At a gala dinner last Sunday night, Duterte sang a Filipino love song “upon the orders of the commander in chief of the United States,” according to a video posted on Twitter by a Philippine government official.
While the meeting between Trump and Duterte wouldn’t solve all the problems between the nations, it will “move our relationship forward,” Foreign Secretary Alan Peter S. Cayetano told reporters last Sunday.
“There is no doubt that there were some ill feelings, there were some hills and valleys in our relationship with the US, especially at the latter end of the Obama administration,” Cayetano said. “But it’s been repaired and strengthened by President Trump.”
Trump on Monday held a three-way meeting with Australian Prime Minister Malcolm Turnbull and Japanese Prime Minister Shinzo Abe, both US allies. Trump said he has made “big progress” on trade during the trip, and would make a statement on North Korea and trade when he returns to the US.
Last Sunday Trump offered to help resolve territorial disputes in the South China Sea involving the Philippines, Vietnam, China and other claimants. He has primarily focused his attention on North Korea’s nuclear program, a shift from the Obama administration’s more aggressive stance against China’s activities in the South China Sea.
‘Very good mediator’
“I am a very good mediator and a very good arbitrator,” Trump said last Sunday in Hanoi ahead of a meeting with Vietnamese President Tran Dai Quang. “If I can be of help in any way, let me know.”
Vietnam’s Quang didn’t answer directly when asked about Trump’s offer at a news briefing, while Cayetano from the Philippines said any effort would need to be coordinated among other countries in the region. China opposes US involvement in resolving the disputes, preferring to settle them through one-on-one talks with other nations.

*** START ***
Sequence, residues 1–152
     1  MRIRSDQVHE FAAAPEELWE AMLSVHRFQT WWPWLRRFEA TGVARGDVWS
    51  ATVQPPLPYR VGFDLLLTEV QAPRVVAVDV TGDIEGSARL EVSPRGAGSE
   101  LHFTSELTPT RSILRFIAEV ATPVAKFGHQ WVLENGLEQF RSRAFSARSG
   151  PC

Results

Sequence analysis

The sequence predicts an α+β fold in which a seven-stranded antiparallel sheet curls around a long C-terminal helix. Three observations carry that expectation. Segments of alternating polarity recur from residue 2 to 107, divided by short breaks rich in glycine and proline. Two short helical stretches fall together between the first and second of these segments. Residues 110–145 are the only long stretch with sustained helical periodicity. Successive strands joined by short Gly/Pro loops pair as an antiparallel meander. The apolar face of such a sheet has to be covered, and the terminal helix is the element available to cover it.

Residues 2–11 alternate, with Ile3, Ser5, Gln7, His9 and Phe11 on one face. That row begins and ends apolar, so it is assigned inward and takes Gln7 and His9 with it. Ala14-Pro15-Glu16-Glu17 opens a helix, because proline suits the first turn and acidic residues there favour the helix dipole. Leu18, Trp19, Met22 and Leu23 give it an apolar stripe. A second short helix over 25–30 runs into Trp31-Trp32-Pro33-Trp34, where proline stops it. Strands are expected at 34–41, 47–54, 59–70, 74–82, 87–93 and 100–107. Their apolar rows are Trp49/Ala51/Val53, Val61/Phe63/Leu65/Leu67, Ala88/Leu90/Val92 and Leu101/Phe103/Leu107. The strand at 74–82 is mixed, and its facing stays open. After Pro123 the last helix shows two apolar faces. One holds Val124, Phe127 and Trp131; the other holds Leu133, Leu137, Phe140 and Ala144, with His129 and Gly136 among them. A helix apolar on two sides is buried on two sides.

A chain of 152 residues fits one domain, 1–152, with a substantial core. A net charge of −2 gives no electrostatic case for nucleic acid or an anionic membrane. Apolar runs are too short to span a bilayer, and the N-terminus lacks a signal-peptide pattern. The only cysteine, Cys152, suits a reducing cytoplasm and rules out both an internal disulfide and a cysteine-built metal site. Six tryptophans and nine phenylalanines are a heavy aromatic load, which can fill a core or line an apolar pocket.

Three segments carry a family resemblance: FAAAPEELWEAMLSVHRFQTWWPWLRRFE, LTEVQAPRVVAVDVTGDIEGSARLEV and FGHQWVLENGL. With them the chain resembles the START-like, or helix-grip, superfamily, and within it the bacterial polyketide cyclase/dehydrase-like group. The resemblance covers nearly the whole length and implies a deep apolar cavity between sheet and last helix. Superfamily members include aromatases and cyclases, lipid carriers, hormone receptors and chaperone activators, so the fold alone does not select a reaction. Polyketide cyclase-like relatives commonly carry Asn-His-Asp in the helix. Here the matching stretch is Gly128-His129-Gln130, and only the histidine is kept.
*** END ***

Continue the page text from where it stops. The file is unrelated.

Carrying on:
It’s a “very kind and generous offer because he is a good mediator,” Cayetano said of Trump. “He is the master of the art of the deal.”
Both the Philippines and Vietnam have recently seen China disrupt oil-and-gas exploration in contested areas of the South China Sea. While the US doesn’t take a position on territorial disputes, it has criticized China for land reclamation and other moves to assert control over areas also claimed in part by Southeast Asian countries.
Duterte warned last Sunday that a war over the waterway would devastate the region. He said that Chinese President Xi Jinping told him last Saturday that he also didn’t want to “waste the lives of my countrymen for a useless war that cannot be won by anyone.” “The South China Sea is better left untouched,” Duterte said. “Nobody can afford to go to war.”
The 10-nation Asean is set to announce on Monday the start of negotiations with China on a code of conduct for the South China Sea, the Philippines said in a statement. The talks have made little progress since the nations agreed formally to work toward a code in 2002.
Asean and China on Monday plan to tout “positive developments” in the waters, according to a draft joint statement seen by reporters.
“While the situation is calmer now, we cannot take the current progress for granted,” parties to say,” the draft says.